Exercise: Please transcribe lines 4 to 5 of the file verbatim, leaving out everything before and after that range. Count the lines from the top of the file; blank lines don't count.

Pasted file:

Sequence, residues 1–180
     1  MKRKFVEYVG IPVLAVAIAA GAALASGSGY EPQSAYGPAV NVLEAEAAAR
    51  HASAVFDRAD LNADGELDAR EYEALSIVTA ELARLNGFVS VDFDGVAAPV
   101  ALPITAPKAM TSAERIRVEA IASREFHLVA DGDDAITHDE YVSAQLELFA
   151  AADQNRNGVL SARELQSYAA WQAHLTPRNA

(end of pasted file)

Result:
   101  ALPITAPKAM TSAERIRVEA IASREFHLVA DGDDAITHDE YVSAQLELFA
   151  AADQNRNGVL SARELQSYAA WQAHLTPRNA